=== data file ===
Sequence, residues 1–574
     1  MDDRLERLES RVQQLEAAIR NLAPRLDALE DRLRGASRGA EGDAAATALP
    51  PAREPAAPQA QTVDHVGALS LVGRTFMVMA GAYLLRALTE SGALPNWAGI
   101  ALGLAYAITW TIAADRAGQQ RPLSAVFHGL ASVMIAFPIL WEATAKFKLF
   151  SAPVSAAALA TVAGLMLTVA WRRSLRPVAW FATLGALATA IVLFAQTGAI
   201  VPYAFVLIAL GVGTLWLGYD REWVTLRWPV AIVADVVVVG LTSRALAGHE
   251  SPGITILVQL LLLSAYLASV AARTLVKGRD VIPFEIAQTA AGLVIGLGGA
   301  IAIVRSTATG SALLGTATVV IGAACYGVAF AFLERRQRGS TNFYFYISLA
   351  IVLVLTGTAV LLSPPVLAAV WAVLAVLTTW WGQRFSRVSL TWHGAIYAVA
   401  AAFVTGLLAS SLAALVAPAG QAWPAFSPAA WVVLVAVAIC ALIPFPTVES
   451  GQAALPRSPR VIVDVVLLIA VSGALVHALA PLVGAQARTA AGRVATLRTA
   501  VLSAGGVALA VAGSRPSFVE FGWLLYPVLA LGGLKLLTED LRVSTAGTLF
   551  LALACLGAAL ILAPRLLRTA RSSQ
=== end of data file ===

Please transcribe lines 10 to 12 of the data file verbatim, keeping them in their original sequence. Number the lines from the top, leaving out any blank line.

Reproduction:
   401  AAFVTGLLAS SLAALVAPAG QAWPAFSPAA WVVLVAVAIC ALIPFPTVES
   451  GQAALPRSPR VIVDVVLLIA VSGALVHALA PLVGAQARTA AGRVATLRTA
   501  VLSAGGVALA VAGSRPSFVE FGWLLYPVLA LGGLKLLTED LRVSTAGTLF